Never whistle outside at night.
You stroll in fog-shrouded darkness. Alone but for your echoing steps. You stop. The footfalls continue — one, two. Turning, you tense your legs to run. Just in case. Nothing behind but your shadow, stretched long and thin in moonlight.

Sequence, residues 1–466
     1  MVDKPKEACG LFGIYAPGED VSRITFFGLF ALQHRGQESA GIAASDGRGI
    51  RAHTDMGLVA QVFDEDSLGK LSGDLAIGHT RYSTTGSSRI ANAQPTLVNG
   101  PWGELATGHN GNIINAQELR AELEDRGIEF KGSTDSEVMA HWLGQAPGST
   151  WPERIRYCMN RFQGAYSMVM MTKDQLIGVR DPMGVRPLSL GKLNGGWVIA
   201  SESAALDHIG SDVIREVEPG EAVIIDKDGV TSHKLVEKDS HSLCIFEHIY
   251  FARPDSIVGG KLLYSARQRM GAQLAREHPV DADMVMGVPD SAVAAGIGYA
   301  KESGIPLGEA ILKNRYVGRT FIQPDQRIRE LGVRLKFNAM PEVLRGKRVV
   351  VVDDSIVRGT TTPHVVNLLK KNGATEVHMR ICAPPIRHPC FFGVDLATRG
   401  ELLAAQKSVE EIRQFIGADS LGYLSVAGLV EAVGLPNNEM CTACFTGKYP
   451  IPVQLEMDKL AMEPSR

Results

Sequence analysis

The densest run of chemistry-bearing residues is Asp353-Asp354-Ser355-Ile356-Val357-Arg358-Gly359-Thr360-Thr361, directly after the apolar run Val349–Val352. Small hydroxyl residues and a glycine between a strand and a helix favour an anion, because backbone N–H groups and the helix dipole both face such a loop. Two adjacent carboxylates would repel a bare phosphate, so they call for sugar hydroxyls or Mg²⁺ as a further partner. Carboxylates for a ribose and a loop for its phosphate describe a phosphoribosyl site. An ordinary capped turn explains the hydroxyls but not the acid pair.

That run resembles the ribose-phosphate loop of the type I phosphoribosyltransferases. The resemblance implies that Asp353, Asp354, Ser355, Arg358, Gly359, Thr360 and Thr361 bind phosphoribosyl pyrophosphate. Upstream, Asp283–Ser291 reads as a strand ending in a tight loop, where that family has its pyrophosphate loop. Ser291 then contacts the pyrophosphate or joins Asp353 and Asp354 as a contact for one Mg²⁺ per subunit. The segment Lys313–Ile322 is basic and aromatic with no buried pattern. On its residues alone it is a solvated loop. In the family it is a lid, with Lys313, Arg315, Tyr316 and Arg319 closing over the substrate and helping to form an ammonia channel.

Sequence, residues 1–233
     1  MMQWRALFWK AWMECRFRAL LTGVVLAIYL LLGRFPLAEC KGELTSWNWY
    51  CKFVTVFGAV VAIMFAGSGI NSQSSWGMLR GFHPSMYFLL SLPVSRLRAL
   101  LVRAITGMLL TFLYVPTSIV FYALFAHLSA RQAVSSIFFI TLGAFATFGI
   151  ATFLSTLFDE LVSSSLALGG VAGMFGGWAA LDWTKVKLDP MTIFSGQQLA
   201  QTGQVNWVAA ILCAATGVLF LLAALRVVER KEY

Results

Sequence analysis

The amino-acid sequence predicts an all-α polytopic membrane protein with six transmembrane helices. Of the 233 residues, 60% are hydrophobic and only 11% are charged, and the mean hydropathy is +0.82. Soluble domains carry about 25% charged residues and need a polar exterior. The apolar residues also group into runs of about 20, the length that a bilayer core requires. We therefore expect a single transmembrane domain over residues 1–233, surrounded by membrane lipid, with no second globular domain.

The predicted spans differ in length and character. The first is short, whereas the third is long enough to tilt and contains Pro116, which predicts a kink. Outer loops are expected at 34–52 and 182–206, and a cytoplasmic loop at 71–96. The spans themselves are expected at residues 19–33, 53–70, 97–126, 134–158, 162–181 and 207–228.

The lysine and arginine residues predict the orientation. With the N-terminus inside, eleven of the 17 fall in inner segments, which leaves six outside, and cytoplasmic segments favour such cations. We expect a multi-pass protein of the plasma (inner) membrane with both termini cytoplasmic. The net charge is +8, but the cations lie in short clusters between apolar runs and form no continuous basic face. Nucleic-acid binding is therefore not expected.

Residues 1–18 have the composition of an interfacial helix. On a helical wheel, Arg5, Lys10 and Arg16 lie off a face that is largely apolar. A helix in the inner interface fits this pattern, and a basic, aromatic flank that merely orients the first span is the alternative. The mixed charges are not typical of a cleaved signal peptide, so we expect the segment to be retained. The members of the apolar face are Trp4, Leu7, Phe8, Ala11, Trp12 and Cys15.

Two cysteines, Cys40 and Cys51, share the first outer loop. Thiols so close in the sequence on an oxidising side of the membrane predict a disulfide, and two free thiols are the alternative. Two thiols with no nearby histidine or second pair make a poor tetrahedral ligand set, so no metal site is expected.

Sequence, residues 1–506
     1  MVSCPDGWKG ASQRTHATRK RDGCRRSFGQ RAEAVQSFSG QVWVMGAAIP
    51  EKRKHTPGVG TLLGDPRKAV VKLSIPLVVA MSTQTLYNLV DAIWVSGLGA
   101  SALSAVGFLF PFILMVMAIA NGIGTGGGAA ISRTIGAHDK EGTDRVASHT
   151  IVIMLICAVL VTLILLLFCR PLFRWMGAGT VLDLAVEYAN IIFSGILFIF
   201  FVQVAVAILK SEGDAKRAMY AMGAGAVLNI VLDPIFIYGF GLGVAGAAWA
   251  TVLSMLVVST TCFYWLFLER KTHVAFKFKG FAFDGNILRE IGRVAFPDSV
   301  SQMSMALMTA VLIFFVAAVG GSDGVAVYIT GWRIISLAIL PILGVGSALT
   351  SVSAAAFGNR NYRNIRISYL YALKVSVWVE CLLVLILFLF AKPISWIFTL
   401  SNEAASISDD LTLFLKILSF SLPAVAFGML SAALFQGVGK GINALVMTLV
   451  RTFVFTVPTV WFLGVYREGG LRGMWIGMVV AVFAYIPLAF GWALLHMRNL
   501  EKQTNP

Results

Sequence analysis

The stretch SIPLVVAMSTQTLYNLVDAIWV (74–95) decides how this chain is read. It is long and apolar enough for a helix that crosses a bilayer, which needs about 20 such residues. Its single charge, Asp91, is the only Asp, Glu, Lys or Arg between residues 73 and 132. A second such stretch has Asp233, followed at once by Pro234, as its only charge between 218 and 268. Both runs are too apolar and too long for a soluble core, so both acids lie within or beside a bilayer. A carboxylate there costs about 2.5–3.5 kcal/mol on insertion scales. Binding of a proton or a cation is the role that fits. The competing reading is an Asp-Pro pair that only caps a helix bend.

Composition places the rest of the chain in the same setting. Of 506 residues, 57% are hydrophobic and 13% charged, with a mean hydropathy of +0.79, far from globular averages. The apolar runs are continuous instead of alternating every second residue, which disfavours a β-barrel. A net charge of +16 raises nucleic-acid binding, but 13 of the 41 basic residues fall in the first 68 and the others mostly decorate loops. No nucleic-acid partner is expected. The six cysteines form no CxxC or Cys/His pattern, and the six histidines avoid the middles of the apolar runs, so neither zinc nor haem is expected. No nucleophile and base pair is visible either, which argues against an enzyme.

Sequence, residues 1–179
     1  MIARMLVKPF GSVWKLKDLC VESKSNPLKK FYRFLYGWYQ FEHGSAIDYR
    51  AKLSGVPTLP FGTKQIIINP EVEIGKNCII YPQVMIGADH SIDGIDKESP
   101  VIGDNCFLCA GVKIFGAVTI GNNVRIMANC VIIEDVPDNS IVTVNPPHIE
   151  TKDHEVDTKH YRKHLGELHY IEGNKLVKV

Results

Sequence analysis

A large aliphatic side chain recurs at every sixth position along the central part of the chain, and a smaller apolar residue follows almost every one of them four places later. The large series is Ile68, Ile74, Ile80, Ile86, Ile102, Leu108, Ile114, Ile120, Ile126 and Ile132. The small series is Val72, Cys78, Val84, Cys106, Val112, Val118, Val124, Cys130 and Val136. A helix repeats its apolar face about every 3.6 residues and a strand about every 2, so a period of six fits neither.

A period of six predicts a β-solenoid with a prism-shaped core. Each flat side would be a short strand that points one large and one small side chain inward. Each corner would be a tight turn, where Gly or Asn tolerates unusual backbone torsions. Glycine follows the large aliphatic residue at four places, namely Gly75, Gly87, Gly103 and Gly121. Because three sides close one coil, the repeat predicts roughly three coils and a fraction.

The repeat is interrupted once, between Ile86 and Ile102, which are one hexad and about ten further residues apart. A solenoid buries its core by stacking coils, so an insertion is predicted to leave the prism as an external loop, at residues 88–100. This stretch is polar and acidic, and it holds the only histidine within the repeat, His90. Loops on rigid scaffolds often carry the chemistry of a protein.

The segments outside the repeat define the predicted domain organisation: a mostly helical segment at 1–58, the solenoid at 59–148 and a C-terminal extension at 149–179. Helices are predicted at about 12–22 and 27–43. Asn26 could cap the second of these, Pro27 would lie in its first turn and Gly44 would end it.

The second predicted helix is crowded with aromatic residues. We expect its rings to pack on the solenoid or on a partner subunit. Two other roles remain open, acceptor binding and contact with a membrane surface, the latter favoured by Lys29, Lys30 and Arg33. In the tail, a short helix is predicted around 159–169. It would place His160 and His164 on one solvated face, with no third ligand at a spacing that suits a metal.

The old woman who raised you had hands like talons, her nails thick as yellowed-horns. “You whistle at night and they’ll answer,” she warned. “They’ll take you.”
The memory makes you purse your lips. What harm a single note?
The note repeats as the answer comes in a rush of cold air against your neck. Whistle.